Wednesday, April 20, 2005

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Read The Anchoress, whose thoughts follow very closely with what I wanted to say on the subject.

Also, Joe Gandelman has an incredible round-up of mixed reactions to the Cardinals' choice. Make sure to read that one—it's long, but it's got brief snippets from a wide variety of reactions to Ratzinger's selection. If you read nothing else, go there.

Professor Bainbridge hits Andrew Sullivan pretty hard.

Alexander, a member of the Orthodox Church who often comments on the various goings-on within many different mainstream Christian churches, has some thoughts in response to those so utterly dismayed that this Pope will uphold the traditional teachings of his Church.

I've got a decent amount of work to do today, so I may not have time to post my own thoughts. If you read through The Anchoress and Alexander's posts, though, you'll have a pretty good idea of what I would say.

UPDATE [4/20/2005 - 10:55]: I shouldn't have posted without checking Lileks:

The selection of Ratzinger was initially heartening, simply because he made the right people apoplectic. I'm still astonished that some can see a conservative elevated to the papacy and think: a man of tradition? As Pope? How could this be? As if there this was some golden moment that would usher in the age of married priests who shuttle between blessing third-trimester abortions and giving last rites to someone who�s about to have the chemical pillow put over his face. At the risk of sounding sacreligious: it's the Catholic Church, for Christ's sake! You're not going to get someone who wants to strip off all the Baroque ornamentation of St. Peter's and replace them with IKEA wine racks, okay?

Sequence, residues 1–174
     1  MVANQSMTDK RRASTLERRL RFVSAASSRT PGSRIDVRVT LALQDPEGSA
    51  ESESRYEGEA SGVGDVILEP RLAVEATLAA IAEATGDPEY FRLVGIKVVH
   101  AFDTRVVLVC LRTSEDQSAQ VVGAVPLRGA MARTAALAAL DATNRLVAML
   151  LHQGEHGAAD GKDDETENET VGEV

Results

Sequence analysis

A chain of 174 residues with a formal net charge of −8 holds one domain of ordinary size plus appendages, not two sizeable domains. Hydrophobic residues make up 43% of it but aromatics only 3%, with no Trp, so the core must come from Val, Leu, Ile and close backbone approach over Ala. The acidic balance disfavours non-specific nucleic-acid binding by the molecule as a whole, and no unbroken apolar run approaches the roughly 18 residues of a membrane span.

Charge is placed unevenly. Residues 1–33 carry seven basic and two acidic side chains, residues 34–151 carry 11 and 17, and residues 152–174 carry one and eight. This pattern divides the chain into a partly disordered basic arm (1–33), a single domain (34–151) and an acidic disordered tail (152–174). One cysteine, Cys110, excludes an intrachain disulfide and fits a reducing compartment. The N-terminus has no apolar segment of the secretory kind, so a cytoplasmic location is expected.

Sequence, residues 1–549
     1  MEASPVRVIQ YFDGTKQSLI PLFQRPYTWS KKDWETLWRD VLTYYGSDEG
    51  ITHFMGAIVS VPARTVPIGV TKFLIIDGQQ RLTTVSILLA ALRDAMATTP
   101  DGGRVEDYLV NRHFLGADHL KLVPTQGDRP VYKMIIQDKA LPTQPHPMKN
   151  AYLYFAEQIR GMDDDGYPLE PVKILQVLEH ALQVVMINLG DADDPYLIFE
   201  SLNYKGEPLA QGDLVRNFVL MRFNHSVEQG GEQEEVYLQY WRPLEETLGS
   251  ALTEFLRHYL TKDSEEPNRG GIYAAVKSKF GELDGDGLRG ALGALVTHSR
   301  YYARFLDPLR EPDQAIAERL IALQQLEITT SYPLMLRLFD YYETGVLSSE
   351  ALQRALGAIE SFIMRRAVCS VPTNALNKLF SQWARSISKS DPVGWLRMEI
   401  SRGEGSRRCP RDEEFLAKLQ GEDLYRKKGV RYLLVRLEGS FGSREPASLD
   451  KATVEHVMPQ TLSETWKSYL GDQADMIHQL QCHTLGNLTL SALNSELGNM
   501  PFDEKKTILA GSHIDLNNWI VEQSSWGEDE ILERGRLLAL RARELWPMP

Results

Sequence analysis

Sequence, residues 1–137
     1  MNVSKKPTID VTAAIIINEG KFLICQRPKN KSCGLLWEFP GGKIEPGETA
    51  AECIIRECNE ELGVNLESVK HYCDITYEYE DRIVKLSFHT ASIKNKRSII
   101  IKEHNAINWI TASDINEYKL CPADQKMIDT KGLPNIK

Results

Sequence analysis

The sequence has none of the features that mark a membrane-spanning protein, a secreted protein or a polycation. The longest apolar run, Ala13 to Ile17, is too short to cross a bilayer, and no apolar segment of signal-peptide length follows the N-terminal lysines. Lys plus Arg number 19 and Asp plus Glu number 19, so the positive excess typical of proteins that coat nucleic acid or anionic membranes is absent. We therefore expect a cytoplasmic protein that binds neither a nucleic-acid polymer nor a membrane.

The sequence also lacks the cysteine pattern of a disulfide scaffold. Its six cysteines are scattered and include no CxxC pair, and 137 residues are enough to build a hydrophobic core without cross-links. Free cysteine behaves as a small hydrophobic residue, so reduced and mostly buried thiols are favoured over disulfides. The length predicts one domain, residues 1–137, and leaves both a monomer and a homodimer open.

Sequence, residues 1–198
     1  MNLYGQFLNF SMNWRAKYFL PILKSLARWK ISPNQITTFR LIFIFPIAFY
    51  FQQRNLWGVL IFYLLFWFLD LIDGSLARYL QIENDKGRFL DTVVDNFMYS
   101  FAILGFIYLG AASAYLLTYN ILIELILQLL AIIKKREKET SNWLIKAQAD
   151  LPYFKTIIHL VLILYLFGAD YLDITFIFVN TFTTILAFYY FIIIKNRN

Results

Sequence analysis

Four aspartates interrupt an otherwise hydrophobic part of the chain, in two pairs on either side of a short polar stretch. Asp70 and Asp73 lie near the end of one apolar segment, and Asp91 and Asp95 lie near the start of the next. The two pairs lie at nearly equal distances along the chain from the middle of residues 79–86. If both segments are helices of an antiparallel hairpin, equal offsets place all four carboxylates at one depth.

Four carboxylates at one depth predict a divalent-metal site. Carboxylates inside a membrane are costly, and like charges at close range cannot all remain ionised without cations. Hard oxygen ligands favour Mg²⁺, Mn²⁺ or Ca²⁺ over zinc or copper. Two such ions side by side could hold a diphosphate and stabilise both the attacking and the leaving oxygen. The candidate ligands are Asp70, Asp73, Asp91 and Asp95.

Make sure you read the rest of what he has to say, too. All good stuff.

UPDATE [4/20/2005 - 12:29]: The Weekly Standard has a round-up of quotes from a variety of sources concerning the new Pope. It's amazing how quick the press is to paint the guy with a reactionary brush. Also, Christopher Levenick comments on Benedict XVI's modesty as seen in his speech after the papal selection was complete. I was interested in the fact that he called himself "a simple, humble worker in the Lord's vineyard." Levenick illustrates that this is common throughout Ratzinger's past.